NEWS
12/01/2018 4:08 PM IST | Updated 12/01/2018 4:41 PM IST

How The Rape And Murder Of A 7-Year-Old Girl In Pakistan's Hotbed Of Child Sexual Abuse Has Incited Massive Protests

The culprits haven't been caught yet.

AFP/Getty Images

As the world ushered in the new year, a seven-year-old girl went missing in Kasur district of Pakistan's Punjab. The girl's parents were away in Saudi Arabia at the time on a pilgrimage and she was living with her aunt. Conflicting reports say she had either stepped out for tuition classes or was headed to a nearby Koran reading class and never returned. Four days later, on 9 January, her body was found dumped near a trash yard in the neighbourhood. Post-mortem reports confirmed that she had been raped multiple times before she was strangulated. The report also suggested that she was dead days before her body was found.

The girl's father initially refused to bury her body. "We will not bury her until we get justice," he told reporters. "We are now afraid of letting our children leave the home. How was our child kidnapped from a busy market?" However, the girl's remains were laid to rest on 10 January and thousands joined her funeral procession.

Around the same time, CCTV footage showing the girl being led away by an unidentified man was beamed across television channels in Pakistan.

12th INCIDENT IN A YEAR IN SAME LOCATION

The rape and murder has fomented massive protests on social media and on the ground in parts of Pakistan. One of the several aspects of the case fuelling public outrage is the fact that this murder was the 12th such known incident in a year reported from 'within a two-kilometre radius in the past 12 months', according to The Express Tribune.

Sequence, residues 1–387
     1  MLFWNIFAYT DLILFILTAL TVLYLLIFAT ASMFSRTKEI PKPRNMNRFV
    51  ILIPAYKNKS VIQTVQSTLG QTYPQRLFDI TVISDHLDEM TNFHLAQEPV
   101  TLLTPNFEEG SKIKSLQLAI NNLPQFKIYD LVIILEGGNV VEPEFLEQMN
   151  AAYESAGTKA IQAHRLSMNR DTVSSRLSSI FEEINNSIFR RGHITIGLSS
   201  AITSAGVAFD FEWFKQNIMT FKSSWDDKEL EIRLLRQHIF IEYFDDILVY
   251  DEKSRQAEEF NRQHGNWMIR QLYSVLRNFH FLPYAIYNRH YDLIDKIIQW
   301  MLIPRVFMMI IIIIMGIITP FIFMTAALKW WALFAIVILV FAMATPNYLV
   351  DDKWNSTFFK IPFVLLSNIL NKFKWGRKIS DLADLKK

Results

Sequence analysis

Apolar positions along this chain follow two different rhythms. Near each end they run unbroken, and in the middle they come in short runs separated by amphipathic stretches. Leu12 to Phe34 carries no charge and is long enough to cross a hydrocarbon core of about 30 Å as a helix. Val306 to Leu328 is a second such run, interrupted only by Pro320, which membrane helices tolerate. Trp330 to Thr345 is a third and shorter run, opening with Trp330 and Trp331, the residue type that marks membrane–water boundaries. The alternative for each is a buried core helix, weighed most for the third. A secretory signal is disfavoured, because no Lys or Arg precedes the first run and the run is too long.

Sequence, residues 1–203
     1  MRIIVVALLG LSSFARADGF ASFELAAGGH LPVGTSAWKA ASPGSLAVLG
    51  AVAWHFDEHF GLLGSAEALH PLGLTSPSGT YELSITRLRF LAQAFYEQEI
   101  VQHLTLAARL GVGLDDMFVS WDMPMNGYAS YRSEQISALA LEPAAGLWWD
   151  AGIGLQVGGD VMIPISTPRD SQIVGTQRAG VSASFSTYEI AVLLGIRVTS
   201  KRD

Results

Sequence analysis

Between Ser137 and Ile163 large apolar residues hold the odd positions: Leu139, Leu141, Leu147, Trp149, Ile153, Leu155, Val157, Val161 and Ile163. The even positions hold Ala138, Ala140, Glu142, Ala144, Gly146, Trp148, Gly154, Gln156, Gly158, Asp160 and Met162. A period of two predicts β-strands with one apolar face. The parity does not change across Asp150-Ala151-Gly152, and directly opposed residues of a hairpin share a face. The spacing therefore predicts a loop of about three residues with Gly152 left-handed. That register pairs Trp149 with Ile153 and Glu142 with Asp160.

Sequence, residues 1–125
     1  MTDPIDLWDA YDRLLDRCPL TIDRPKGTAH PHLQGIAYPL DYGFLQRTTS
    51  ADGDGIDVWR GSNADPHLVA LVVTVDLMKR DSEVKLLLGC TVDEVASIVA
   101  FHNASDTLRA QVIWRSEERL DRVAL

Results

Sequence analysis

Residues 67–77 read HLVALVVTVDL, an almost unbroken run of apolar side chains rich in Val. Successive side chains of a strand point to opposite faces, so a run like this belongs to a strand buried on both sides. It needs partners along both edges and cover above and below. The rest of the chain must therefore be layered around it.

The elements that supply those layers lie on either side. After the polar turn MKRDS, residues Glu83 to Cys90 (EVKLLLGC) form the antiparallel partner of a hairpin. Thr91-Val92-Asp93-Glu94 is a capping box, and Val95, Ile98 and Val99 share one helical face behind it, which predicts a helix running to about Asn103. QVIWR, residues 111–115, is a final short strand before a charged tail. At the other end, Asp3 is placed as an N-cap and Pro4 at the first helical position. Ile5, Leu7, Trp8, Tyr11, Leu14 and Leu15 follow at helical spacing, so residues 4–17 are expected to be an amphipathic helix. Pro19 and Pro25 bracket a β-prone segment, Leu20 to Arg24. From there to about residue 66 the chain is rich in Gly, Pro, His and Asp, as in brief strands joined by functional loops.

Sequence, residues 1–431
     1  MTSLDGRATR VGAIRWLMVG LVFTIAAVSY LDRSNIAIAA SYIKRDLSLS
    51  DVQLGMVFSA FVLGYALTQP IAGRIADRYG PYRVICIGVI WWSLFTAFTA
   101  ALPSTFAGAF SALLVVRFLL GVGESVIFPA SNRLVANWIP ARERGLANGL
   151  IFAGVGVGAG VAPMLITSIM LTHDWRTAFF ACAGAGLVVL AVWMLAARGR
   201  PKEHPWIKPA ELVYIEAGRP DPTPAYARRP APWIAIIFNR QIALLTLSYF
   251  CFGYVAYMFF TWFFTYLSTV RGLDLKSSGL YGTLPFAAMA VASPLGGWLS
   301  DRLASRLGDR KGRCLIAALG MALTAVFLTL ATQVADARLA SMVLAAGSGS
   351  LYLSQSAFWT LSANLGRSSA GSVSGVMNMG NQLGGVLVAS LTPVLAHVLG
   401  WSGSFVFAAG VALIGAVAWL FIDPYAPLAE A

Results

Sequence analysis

Brutality apart, Kasur has been known to be a hotbed for child rapists and sexual predators for years. Despite protests from locals and extensive media coverage of the dangers faced by children in the area, the police and authorities seem to be dragging their feet on taking resolute action against the problem. In fact, the father of the deceased 7-year-old told reporters that soon after she went missing, his family had complained to the police but the latter didn't launch search operations of the scale they should have.

"My relatives and neighbours told me that the police used to come, have food and leave. While they didn't do anything, my friends and family spent day and night looking for my daughter," Ameen Ansari told local media.

Kasur is not new to accusations of child sex abuse. In fact, for years, it has been a hotbed of crimes, especially of sexual nature, against children. According to a Washington Post report, "In 2015, police busted a gang running a child sex ring. The gang had allegedly abducted and assaulted at least 280 children since 2009. The families of the abducted children were often blackmailed, and video clips and images of the assaults were sold online."

The Express Tribune reported that in 2017, 129 cases of child sexual abuse were reported from Kasur alone. "Of them, 34 were abductions, 23 were rapes, 19 sodomy, 17 attempted rapes, six abduction and rapes, and four abduction and gang-rapes," the report quotes a child rights activist as saying. A fact-finding team of the Pakistan Human Rights Commission which met victims in the Kasur village where the child pornography racket was busted after 2015, observed that the villagers knew about the videos but kept mum on the same. The report said: "The villagers kept silent about the matter for many months because of the scandalous nature of the clippings and because of close relationship with many of the people concerned on both sides, the victims and the accused."